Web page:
Drag Queen Uropa’s Yarn Wigs: Taking Over the Stage, One Skein at a Time.

13 July 2022

Sponsored in part by:

Ad description: Cover of the book Sheep, Shepherd & Land, and the words, "THE book about Canadian Wool, by Anna Hunter. Photos by Christel Lanthier. Buy now."

Ad description: The words, "The socks you knit won't last forever, but you can make them last for years and years. Shop now." Also featuring the cover image of the Sock Mending Guide.

We recently had the chance to meet Canadian drag queen extraordinaire—and unconventional crafter—Uropa.

Jeffrey, the originator of the Uropa persona, chatted with me about his journey to drag.

At age fourteen, Jeffrey watched the first season of RuPaul’s Drag Race. Seeing a world where people looked like him and had the opportunity to be celebrated for their art enchanted him.

Growing up singing in church and with a passion for performing, the choice to study musical theatre was an easy one for Jeffrey. After finishing the theatre program at Sheridan ColIege in Toronto and unsure of his next move in theatre, Jeffrey moved into the drag scene in Toronto.

He found his way back on stage when he entered the drag world with a production of Priscilla, Queen of The Desert in Calgary. It felt like Jeffrey had found his niche as a drag queen who could act, sing, and dance. This year, he took on a role in a staging of Kinky Boots in Vancouver.

The journey to discovering Uropa has been an amalgamation of years of inspiration, from the shows he watched to the art he made. Jeffrey chose the name Uropa because Europa is one of the moons of Jupiter. The name was unique, celestial, and a bit absurd—which suited him perfectly.

So, why we are interviewing a drag queen for an article of Digits & Threads? In a very unconventional way, Uropa and Jeffrey are intertwined with the fibre world.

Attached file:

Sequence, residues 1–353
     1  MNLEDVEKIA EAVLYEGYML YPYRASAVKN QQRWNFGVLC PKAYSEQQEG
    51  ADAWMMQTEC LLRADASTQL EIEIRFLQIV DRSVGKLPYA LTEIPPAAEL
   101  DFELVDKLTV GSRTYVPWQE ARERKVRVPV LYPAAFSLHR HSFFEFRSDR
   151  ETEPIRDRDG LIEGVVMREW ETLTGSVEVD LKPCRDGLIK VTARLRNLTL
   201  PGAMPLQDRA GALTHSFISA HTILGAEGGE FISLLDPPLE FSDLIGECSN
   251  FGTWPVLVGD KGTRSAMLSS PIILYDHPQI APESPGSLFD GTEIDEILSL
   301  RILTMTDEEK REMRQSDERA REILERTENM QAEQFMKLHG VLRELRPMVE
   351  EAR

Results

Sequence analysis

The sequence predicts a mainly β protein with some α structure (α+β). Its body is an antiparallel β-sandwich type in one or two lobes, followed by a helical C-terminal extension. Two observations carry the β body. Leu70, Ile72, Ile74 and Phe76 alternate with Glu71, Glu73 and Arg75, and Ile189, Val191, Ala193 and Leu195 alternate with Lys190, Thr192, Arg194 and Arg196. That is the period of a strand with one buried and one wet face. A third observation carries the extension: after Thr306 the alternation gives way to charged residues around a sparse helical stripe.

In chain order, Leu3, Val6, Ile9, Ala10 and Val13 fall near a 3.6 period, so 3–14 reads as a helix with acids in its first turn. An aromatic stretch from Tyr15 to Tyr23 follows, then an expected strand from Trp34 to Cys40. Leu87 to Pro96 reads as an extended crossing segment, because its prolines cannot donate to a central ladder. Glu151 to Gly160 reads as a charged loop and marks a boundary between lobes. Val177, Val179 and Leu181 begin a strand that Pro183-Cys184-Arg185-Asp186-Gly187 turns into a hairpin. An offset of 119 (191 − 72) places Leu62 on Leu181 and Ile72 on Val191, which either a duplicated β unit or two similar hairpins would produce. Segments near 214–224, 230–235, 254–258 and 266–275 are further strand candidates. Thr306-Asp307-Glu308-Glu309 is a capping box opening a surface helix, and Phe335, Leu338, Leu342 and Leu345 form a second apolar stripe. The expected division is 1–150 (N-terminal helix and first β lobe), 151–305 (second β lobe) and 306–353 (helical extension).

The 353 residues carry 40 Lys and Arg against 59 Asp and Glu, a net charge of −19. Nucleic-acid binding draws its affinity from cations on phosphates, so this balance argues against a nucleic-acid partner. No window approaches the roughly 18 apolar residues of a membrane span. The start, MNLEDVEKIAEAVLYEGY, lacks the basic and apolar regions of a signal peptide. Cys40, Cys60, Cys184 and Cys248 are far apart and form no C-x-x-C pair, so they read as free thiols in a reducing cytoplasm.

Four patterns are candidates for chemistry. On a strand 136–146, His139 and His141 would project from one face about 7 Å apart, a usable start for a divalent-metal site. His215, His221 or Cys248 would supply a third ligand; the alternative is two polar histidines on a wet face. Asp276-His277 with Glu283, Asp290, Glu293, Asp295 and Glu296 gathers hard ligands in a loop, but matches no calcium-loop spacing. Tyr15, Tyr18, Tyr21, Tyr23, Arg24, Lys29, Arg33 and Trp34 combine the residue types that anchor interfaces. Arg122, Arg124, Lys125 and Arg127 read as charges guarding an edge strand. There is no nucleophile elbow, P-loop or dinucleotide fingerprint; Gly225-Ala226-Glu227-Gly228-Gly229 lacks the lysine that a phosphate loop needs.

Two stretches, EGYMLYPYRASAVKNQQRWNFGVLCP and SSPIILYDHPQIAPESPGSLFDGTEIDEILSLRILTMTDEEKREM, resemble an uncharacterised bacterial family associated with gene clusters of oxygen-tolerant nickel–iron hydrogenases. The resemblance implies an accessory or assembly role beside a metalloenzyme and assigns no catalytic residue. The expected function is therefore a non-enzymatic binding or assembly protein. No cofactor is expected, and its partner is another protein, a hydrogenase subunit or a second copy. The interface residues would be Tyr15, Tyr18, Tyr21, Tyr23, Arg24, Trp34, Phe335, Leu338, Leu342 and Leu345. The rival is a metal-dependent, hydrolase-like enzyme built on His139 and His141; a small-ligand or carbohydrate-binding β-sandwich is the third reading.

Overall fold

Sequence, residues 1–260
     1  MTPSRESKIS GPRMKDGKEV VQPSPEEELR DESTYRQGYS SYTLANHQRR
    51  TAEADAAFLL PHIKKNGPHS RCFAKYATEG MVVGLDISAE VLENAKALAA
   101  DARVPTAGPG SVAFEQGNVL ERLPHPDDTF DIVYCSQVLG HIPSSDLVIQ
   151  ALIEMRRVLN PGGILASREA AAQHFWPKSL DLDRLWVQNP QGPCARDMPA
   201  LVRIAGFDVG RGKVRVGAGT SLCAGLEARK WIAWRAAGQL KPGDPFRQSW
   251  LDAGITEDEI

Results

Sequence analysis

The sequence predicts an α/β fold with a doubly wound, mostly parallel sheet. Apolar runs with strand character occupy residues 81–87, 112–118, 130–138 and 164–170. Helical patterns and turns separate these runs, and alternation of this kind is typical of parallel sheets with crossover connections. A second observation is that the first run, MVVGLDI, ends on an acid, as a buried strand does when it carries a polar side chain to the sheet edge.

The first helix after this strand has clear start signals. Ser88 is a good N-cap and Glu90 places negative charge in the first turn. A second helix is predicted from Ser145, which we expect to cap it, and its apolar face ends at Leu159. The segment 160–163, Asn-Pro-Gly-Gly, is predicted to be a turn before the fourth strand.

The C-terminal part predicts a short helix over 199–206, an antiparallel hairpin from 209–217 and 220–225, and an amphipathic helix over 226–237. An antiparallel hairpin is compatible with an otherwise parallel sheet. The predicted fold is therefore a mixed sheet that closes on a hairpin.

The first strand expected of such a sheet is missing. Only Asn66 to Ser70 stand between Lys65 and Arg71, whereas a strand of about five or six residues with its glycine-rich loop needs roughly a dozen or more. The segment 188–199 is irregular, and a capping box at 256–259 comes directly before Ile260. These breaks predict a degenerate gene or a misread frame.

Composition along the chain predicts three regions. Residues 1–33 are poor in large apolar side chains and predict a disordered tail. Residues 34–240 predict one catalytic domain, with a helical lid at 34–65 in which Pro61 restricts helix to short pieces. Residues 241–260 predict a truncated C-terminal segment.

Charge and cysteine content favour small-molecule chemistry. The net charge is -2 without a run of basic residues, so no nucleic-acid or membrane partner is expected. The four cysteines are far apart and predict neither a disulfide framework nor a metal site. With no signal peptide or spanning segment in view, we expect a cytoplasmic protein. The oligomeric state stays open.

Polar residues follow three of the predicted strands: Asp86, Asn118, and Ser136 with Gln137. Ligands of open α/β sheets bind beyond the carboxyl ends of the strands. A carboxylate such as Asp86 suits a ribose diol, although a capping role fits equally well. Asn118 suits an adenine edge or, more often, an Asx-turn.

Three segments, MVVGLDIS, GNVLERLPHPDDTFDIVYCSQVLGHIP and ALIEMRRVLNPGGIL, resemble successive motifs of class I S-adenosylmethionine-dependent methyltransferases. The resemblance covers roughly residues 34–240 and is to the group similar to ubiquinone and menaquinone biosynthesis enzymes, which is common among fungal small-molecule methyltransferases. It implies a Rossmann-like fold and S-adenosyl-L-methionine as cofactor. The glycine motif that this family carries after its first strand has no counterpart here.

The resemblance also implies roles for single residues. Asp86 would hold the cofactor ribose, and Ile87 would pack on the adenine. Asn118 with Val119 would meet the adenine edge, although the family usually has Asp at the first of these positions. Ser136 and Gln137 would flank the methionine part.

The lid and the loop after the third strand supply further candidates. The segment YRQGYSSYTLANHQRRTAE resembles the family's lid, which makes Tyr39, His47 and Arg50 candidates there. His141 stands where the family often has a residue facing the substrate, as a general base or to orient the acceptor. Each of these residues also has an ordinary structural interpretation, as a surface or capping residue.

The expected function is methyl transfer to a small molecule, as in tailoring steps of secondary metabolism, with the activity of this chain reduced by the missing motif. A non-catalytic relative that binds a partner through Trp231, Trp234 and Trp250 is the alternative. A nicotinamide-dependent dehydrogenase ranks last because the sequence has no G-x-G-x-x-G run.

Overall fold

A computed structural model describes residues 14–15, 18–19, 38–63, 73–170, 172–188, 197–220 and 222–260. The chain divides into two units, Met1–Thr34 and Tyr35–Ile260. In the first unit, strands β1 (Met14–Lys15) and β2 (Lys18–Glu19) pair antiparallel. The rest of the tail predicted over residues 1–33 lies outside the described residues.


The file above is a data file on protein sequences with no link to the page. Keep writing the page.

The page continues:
Image courtesy of Jeffrey Follis/Uropa Queen.

Copyright © Zoë Desborough except as indicated.
Image description: Zoë Desborough sits on a settee in a yarn store, working on a yarn project.

About Zoë Desborough

Quitting their PhD due to toxic work environment and relationships, Zoë decided to take on the challenge of becoming a first-time business owner: a yarn shop owner! Obsessed with crochet and fibres, and then knitting, the transition seemed perfectly logical, but somewhat risky. Flash forward to today, and their shop Crochet & Co. just celebrated its 2 year anniversary amid the global pandemic. Crochet & Co is not only a local yarn shop, but also a safe space for all; a place that promotes open-mindedness, support, and inclusion. Their academic background in Diversity, Equity and Inclusion and their activism for the LGBTQIAAP community has allowed them to work with several organizations and businesses to better their D.E.I. practices and policies, as well as guest speak on different panels in the fibre community.

Related Posts

Sleeves Part 3: Raglans. (Part Two of Two)

Sleeves Part 3: Raglans. (Part Two of Two)

[For Armchair & Studio Members] Kim McBrien Evans continues her series on sweater size and fit, addressing the issue of raglan garment structure. In this second installment, she explains specific alterations – both the rationale and the calculations.

The Quiet Language of Joanna Rogers

The Quiet Language of Joanna Rogers

[For Paid Members] Profile of textile artist Joanna Rogers, who uses traditional surface design techniques such as hand dyeing, shibori, and hand weaving to express the deep connection between people, language, and our environment.

Get 10% off!

Join our mailing list to get special Studio Membership pricing! PLUS hear about new Digits & Threads content and community news.

Subscription success! Well done, you.